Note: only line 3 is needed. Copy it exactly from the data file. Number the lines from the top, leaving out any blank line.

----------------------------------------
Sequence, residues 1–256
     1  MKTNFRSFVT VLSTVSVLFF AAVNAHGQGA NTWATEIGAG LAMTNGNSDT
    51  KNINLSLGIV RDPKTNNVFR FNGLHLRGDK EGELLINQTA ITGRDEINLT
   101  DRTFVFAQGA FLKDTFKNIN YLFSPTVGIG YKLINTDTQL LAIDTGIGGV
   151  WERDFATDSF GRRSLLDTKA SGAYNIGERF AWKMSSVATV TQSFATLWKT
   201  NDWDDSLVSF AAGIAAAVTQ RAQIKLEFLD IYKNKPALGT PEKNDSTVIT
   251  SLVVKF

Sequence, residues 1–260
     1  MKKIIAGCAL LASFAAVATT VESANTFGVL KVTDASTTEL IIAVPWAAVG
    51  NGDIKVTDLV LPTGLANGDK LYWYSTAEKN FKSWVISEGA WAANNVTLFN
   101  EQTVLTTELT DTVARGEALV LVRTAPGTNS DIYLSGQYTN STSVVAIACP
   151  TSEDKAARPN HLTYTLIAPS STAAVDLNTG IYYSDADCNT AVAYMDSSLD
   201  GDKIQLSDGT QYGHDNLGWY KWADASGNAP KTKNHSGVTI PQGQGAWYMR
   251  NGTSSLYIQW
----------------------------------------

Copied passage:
    51  KNINLSLGIV RDPKTNNVFR FNGLHLRGDK EGELLINQTA ITGRDEINLT